The Christmas cards have had a pretty good reception overall - staff in branches have been friendly and we know cards have already made their way to Barclays' head office. But it's important that we keep the pressure on! If you can stick and extra card in the post there's still time to order one for a Barclays branch near you. 

Emma Stoner/ActionAid 

Barclays respond on tax havens… but it dodges the big question

Chris Jordan's picture
Chris Jordan Tax Justice Campaign Manager

Thousands of you have been bombarding Barclays with the challenge to clean up its act on tax havens in Africa since we launched the campaign a couple of weeks ago.

Campaigners challenge Barclays to clean up its act on tax havens in Lusaka, Zambia.
Campaigners challenge Barclays to clean up its act on tax havens in Lusaka, Zambia.
Photo: ActionAid

Until now, Barclays has been pretty quiet. But together we’ve demonstrated that the issue isn’t going to go away and Barclays CEO Antony Jenkins has just released a response. 

You can download a pdf of Barclays' full letter with our point by point response (in the yellow comment boxes - the ActionAid comments don’t show up in Google Chrome, so use a browser like Firefox or Internet Explorer), but here are the main issues... 

The good: 

“Barclays shares ActionAid’s belief that companies and individuals should pay the right amount of tax in the countries in which they generate revenue. We also agree with your statement that global banks have an important role to play as investors in Africa and in enabling other businesses to invest."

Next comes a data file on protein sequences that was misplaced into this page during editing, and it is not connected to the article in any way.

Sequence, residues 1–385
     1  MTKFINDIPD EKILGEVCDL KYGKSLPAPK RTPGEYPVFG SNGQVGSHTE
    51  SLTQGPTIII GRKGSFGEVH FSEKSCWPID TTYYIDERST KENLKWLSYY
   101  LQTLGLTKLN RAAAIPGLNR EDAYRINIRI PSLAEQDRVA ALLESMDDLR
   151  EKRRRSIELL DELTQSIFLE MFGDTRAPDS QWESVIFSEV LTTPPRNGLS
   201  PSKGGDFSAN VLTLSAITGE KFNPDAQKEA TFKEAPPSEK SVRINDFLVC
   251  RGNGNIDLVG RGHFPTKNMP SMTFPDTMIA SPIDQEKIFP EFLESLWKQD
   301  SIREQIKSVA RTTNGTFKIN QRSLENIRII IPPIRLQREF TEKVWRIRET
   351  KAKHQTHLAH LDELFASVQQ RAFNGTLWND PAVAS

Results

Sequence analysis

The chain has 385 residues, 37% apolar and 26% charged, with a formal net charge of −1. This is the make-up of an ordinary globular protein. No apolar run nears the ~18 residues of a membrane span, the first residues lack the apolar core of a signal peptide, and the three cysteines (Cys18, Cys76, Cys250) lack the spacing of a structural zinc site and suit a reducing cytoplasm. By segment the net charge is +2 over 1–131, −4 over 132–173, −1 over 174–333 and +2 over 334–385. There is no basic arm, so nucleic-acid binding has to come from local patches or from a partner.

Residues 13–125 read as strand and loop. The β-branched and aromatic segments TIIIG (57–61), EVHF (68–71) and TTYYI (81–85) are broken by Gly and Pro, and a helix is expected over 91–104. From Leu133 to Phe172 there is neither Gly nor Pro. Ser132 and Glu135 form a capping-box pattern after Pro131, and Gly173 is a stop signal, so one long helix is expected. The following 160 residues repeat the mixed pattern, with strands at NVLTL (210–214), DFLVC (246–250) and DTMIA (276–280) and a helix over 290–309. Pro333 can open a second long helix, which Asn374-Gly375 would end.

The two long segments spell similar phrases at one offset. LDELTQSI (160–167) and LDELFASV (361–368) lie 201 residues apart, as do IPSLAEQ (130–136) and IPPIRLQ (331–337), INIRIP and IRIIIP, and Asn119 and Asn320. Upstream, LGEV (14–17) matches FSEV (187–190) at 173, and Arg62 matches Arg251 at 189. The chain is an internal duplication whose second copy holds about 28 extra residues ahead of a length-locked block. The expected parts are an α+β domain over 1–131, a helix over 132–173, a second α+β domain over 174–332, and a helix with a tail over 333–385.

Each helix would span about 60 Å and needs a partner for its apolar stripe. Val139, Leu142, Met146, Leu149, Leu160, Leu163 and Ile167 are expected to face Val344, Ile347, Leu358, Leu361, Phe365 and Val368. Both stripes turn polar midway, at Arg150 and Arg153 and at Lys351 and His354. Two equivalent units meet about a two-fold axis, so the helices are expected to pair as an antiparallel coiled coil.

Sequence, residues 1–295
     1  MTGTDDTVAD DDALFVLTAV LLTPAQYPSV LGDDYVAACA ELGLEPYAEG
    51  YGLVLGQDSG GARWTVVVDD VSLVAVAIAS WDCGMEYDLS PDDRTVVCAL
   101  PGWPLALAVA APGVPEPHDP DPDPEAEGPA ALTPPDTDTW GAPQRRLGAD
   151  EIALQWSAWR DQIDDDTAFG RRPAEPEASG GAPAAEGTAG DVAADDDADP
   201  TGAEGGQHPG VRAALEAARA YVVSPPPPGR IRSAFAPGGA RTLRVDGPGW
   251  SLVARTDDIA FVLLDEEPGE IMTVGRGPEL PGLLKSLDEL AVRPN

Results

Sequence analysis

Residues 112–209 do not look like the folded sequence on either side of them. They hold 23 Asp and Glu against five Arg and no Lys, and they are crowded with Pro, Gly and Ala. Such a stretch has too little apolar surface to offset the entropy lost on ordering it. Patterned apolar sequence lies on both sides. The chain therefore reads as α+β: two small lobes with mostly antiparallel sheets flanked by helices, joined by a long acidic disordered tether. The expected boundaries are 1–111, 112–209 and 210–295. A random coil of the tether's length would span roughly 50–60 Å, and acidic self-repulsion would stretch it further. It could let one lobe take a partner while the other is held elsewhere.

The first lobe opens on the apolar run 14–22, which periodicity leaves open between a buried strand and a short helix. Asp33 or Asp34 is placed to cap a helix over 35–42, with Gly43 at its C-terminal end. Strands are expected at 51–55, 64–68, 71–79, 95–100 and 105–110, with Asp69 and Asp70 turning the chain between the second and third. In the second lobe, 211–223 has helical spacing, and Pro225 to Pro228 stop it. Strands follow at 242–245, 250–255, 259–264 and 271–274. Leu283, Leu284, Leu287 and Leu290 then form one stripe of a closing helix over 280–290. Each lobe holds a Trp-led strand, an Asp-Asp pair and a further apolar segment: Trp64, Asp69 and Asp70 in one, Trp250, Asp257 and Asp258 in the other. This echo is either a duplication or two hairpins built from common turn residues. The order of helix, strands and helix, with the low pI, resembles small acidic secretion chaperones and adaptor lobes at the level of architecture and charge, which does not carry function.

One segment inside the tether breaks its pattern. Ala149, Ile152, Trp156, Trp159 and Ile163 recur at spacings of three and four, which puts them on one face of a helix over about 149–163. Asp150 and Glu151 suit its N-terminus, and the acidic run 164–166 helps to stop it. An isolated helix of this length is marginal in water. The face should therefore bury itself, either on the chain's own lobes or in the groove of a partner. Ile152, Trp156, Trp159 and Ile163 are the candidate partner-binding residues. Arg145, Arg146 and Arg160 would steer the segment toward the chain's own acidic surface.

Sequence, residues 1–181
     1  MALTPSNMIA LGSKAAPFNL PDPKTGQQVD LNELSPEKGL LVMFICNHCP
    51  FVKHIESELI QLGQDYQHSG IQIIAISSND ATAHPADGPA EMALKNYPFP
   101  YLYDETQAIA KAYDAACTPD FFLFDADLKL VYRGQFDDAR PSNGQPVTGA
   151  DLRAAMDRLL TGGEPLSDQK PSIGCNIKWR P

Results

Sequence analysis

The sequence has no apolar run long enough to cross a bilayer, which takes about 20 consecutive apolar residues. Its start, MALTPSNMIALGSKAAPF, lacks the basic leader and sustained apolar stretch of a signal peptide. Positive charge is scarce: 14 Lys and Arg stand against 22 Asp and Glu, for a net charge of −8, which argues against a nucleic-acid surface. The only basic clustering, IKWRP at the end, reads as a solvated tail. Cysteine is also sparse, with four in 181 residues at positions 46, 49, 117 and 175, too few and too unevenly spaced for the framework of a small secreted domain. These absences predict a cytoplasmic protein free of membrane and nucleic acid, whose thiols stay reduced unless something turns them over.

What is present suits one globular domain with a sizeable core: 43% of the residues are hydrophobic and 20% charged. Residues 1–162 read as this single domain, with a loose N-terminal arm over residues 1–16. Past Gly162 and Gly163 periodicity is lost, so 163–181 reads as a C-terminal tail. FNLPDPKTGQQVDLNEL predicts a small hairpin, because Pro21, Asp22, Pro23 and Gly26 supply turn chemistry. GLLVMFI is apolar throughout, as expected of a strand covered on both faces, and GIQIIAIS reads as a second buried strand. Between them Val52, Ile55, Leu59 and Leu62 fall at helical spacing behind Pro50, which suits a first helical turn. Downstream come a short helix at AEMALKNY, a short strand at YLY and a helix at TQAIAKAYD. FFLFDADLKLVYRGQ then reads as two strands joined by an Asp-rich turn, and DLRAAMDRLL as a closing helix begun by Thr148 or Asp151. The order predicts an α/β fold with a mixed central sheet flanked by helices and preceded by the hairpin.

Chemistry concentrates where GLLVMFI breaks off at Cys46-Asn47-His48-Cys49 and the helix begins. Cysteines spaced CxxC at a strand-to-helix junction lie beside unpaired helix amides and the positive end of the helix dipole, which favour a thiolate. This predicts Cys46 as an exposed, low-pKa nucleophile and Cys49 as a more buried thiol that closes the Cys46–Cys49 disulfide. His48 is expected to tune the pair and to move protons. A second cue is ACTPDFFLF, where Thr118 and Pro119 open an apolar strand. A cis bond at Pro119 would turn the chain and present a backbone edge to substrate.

We’re pleased that Barclays acknowledges the importance of paying tax and the role that banks play in Africa. 

The bad: 

“Any tax planning we undertake must comply with our Tax Principles…These state very clearly that our tax planning must support genuine commercial activity and be of a type that the tax authorities would expect.” 

The fact that Barclays published a set of Tax Principles earlier this year is no bad thing. But, by pointing to its Tax Principles, Barclays is dodging the main challenge we’ve put to it:

Why won't Barclays shut down its Offshore Corporate department?

Those principles obviously aren't robust enough to stop Barclays encouraging large businesses and wealthy individuals to set up in tax havens. 

Developing countries lose an estimated three times more to tax havens than they receive in aid each year. While it continues to promote tax havens and their low tax ‘advantages’ Barclays will remain part of this enormous problem for poor countries. 

The ugly:

“Barclays does not encourage businesses to set up in any particular jurisdiction.” 

We beg to differ. We believe that public statements from Barclays such as: 

"Mauritius is the offshore financial centre of choice for India and the Sub-Saharan region… Mauritius is the experienced and established gateway for investment into Africa and Asia."

and: (In Mauritius) "There are no exchange controls thus allowing free repatriation of profits and capital with no withholding tax. There are no capital gains, death, wealth or gift taxes"

as well as: "Barclays Mauritius - International Banking caters for the banking needs of international non-resident entities and individuals, whose primary economic interests are outside Mauritius"

…all count as fairly obvious encouragement to set up in the tax haven of Mauritius! 

What next for the campaign? 

It’s clear that we need to keep up the pressure so the bank can’t dodge the big questions.

If Barclays really is committed to taking a responsible approach to tax, why won't it close down its Offshore Corporate department?

Photo: @ActionAid